News from PASSHE


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OCTOBER 2, 2012

 

PASSHE in the News

PASSHE to hold campus-based workshops on changes in law that will create new entrepreneurial opportunities, ability to offer advanced career-based degrees

The Office of the Chancellor and the PASSHE universities are hosting a series of campus-based workshops to focus on the expanded role the State System universities could play as economic drivers in their host communities and surrounding regions as the result of recent changes in state law. Invited guests include local business leaders, who could be key partners with the universities in these efforts.

Earlier this year, the General Assembly unanimously approved a series of bills that will create enhanced entrepreneurial opportunities for the State System, and enable the universities to offer new advanced-degree programs that will directly address workforce needs. The legislation, which was signed by Governor Tom Corbett in July, was designed specifically to assist PASSHE in these areas.

The legislation will make it easier for PASSHE faculty and staff to bring to market products and services they develop through their research efforts. Some could, in fact, create their own companies, providing students with new internship and career opportunities. The change in the law also could provide a new source of revenue for the universities.

All 14 universities also are now allowed to offer applied doctoral degrees, which are advanced degrees designed to prepare graduates for careers in fields such as healthcare, pharmaceutical product development and other high-demand areas.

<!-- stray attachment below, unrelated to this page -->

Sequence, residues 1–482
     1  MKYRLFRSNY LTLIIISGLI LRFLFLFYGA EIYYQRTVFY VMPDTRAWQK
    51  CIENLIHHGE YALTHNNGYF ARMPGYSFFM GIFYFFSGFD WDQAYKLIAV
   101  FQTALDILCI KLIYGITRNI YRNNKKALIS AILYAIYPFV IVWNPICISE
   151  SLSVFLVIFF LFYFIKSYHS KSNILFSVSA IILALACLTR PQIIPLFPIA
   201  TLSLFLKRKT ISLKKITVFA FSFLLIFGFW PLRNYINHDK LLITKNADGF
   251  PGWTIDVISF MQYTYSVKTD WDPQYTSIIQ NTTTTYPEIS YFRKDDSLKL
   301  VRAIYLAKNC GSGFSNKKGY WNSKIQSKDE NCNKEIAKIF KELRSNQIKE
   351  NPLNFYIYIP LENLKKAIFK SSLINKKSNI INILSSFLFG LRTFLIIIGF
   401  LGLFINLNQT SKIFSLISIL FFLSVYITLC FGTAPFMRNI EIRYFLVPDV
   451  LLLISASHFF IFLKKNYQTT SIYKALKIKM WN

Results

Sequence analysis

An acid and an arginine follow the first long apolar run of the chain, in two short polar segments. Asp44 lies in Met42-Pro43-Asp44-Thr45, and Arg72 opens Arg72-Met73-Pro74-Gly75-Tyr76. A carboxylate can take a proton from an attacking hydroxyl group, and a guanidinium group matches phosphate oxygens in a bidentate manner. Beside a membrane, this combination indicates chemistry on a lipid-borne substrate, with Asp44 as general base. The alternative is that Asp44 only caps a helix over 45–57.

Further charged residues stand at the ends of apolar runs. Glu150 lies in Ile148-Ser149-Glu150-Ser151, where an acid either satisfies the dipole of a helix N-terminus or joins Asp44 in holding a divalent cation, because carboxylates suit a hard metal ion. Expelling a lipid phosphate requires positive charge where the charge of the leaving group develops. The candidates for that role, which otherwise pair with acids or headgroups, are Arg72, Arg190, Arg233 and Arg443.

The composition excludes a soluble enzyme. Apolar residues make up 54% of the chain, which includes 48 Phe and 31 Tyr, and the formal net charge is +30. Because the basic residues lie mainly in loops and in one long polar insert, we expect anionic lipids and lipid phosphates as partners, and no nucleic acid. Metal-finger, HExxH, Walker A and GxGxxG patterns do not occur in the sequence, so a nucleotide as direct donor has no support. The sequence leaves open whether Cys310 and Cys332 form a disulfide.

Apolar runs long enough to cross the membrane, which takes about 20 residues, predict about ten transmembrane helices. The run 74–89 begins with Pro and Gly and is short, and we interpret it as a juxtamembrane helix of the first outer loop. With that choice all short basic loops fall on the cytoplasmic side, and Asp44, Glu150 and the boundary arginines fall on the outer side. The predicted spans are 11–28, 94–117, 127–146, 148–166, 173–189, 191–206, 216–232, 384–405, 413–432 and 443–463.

The workshops will be held Thursday at West Chester University of Pennsylvania; October 16 at Bloomsburg University of Pennsylvania; and October 23 at Indiana University of Pennsylvania. The 11 other PASSHE universities will be able to view the presentations remotely. Each will host a reception and viewing of one of the three workshops, to which they will invite representatives of their local business community.

Speakers at the workshops will include PASSHE Chancellor Dr. John C. Cavanaugh; Dr. Ronald J. Huss, associate vice president for research and technology transfer and director of the Office of Technology Management at Pennsylvania State University; and Jim Rooney, president and partner of Advanced Manufacturing Technology Ventures (AMTV) of Wexford.

Looming retirement costs, changing demographics among challenges facing PASSHE

Faced with both a changing economic landscape and shifting demographics, PASSHE leadership is working to ensure the long-term sustainability of the State System, and to make certain students have continued access to high-quality, affordable education. One overriding fact is central to this effort: students and their families now cover nearly two-thirds of the universities’ costs through tuition and fees.

The many challenges facing the System include:

         The same retiree obligation problems that face not only of the Commonwealth, but also nearly every other state and most municipalities in the nation. In PASSHE’s case, retiree healthcare obligations currently total $1.4 billion, which equals the entire annual operating budget of the System. If this problem is not addressed, PASSHE cannot guarantee that funds will be there in the future to cover the need.